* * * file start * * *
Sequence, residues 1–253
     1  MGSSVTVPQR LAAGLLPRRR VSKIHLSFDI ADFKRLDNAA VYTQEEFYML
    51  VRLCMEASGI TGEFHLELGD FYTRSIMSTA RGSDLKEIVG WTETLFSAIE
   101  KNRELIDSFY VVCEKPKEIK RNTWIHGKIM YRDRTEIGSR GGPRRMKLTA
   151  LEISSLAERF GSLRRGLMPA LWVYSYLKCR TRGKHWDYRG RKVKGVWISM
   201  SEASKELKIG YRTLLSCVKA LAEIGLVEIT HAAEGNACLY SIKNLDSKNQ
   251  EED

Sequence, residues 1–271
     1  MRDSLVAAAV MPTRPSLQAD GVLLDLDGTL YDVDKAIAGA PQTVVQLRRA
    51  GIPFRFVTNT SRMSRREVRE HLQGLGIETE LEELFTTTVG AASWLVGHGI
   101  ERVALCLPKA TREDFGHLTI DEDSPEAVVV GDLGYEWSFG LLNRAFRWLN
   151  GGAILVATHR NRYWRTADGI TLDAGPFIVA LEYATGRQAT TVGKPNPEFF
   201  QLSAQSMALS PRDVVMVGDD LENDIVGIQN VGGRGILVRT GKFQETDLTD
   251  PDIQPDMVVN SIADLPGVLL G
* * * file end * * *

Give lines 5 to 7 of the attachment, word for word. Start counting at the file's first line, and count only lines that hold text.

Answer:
   151  LEISSLAERF GSLRRGLMPA LWVYSYLKCR TRGKHWDYRG RKVKGVWISM
   201  SEASKELKIG YRTLLSCVKA LAEIGLVEIT HAAEGNACLY SIKNLDSKNQ
   251  EED